Piotrek: Yondu putting down the mutiny… just wow! And there was action enough, definitely, just not only action.
Ola: A couple words about dubbing. Yes, I have seen the dubbed version – it was the first MCU movie watched in the cinema by my seven-year-old, and his English – or fast reading skills – still need some working on before we go to see the regular version. I expected the worst (Harry Potter with Polish dubbing, anyone?), but the dubbed version was surprisingly painless, all things considered. Of course, most of the verbal jokes were lost in translation, but the voiceover was pretty seamless and the voice actors a decent fit.
Piotrek: I’ll take your word on that, not going to check it myself. Dubbing worked for Baldur’s Gate games and Shrek, but as a rule – it’s evil.
Ola: My favorite scenes? Mary Poppins scene, of course, especially as a counterweight to the previous Yondu-Destroyer incarnation. Groot debating hats with Rocket and Yondu was simply hilarious, and I must admit I have never expected to be fond of David Hasselhoff before – but here we are ;). I’m just thanking the gods it wasn’t McGyver…
Piotrek: The only Hasselhoff I liked. Either he’s way cooler than I used to think, or they pay really well 😉 McGyver could be… too much, even here.
Ola: The weaker bits are few and far between, and for me the only one was the Sovereign. I realize the gold race served as a plot vehicle and comic relief at the same time, but that made them into much weaker villains that they could have been – especially with their super-advanced technology and totalitarian-hierocratic society structure we only catch glimpses of. The sole clue that they might be more formidable than they appear is an after-credits scene hinting at [spoiler alert!] their creation of Adam Warlock.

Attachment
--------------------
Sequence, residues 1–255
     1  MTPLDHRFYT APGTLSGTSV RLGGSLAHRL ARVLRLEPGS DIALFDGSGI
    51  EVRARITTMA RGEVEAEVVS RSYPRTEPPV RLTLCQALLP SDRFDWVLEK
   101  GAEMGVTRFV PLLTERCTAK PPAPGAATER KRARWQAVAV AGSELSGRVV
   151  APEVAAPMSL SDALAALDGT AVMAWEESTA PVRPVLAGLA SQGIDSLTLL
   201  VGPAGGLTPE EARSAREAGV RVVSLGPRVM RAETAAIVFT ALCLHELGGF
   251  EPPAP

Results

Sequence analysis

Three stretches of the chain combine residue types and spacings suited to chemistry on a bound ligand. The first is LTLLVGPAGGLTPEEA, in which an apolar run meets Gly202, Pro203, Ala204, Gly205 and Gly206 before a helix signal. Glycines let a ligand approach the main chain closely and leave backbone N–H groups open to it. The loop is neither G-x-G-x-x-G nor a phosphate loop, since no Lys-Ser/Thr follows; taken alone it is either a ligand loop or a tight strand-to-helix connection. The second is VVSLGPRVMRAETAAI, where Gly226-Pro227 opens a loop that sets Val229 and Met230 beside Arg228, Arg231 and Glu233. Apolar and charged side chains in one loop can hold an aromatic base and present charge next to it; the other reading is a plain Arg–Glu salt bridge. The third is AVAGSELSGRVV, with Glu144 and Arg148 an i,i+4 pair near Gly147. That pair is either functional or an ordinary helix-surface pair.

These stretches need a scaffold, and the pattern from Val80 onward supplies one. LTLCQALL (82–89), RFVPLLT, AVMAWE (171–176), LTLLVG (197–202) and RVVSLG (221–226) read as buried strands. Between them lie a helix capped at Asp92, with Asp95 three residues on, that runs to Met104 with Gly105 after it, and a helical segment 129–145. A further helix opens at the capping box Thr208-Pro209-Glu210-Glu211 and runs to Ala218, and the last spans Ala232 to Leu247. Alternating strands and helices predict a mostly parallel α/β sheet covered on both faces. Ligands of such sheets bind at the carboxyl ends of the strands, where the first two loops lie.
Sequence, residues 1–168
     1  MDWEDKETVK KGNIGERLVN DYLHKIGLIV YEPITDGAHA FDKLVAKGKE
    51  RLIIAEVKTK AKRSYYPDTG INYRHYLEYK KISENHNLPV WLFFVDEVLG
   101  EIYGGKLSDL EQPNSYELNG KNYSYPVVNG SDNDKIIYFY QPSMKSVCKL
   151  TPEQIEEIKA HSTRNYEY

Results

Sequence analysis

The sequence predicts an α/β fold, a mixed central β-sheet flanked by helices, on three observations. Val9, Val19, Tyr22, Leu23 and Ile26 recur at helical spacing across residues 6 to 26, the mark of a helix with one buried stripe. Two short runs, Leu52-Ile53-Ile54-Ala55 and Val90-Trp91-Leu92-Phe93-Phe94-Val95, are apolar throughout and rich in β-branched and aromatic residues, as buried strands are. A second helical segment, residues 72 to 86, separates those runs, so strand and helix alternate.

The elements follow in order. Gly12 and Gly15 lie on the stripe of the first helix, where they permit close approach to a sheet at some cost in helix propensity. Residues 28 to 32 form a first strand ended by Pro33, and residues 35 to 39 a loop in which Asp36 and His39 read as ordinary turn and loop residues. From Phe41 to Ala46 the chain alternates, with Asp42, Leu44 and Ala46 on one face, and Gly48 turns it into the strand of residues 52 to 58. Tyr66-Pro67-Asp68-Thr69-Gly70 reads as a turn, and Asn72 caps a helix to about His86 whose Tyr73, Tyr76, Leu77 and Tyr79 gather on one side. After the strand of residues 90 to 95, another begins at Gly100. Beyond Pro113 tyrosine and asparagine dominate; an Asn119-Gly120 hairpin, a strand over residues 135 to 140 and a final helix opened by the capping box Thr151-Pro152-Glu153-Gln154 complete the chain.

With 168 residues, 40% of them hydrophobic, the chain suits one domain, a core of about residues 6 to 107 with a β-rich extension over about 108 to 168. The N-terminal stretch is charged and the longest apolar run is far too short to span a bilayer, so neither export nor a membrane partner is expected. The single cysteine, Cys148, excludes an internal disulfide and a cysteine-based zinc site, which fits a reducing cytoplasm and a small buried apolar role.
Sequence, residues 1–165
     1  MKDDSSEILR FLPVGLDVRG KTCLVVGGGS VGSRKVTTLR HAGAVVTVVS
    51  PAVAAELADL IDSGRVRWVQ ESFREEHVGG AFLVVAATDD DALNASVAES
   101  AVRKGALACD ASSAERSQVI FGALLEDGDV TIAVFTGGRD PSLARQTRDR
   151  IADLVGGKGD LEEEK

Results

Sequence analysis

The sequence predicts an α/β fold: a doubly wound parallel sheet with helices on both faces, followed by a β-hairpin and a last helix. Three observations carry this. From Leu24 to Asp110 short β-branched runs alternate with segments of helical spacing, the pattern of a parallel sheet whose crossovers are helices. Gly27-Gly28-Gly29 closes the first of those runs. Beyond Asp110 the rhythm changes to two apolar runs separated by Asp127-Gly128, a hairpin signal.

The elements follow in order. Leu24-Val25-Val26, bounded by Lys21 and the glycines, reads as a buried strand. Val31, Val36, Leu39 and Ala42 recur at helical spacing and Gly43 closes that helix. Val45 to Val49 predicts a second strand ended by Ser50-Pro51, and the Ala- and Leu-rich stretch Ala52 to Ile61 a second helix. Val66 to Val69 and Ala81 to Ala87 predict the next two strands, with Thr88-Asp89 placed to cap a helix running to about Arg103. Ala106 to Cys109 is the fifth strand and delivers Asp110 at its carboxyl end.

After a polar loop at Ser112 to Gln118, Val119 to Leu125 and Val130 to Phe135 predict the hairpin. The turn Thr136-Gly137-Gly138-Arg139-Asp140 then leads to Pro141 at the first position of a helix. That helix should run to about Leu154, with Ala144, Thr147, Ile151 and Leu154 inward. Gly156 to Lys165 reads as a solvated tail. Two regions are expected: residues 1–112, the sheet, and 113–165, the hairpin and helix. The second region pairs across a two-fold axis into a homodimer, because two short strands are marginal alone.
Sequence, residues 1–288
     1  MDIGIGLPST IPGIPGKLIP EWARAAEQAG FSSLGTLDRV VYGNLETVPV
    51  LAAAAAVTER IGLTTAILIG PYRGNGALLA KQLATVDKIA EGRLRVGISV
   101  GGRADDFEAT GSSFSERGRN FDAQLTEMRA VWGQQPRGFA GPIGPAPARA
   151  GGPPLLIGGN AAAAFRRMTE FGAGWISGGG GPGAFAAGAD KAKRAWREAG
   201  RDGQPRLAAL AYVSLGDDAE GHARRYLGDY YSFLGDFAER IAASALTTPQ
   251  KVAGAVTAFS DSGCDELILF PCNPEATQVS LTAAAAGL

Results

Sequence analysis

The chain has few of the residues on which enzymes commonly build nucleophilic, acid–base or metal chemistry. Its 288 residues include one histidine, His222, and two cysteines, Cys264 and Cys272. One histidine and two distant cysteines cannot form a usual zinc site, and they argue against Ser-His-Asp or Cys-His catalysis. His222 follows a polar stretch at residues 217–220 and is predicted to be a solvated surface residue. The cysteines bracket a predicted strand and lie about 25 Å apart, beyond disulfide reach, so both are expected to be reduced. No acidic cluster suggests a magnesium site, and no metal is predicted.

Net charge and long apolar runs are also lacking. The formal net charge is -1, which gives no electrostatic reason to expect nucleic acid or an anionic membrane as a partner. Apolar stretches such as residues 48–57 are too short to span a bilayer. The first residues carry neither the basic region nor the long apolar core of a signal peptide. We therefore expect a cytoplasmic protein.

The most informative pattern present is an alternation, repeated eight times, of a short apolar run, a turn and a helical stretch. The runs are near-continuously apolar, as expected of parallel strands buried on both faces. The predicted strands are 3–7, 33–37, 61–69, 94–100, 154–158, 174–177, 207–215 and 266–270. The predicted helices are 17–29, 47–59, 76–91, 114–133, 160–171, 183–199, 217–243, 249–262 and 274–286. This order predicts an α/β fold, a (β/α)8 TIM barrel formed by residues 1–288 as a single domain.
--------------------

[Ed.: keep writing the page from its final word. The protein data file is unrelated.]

Piotrek: Yes, the Sovereign are a bit like USA of today… you kind of know it’s a powerful nation, but you take a look at the leader and just can’t treat it too seriously…
Ola: Lastly, I loved the implementation of somewhat expanded idea of a “brain in a vat” – and its broad philosophical, and ethical, implications. Can a conscious being evolving in solitude be moral? Is there a morality beyond a community, beyond “we”, however defined? Of course, Guardians don’t ponder philosophical questions, but the fact that these are here, and play a significant role in the plot, is for me a truly commendable achievement – especially considering that despite all those heavy-weight themes the movie remains light-hearted and pure fun.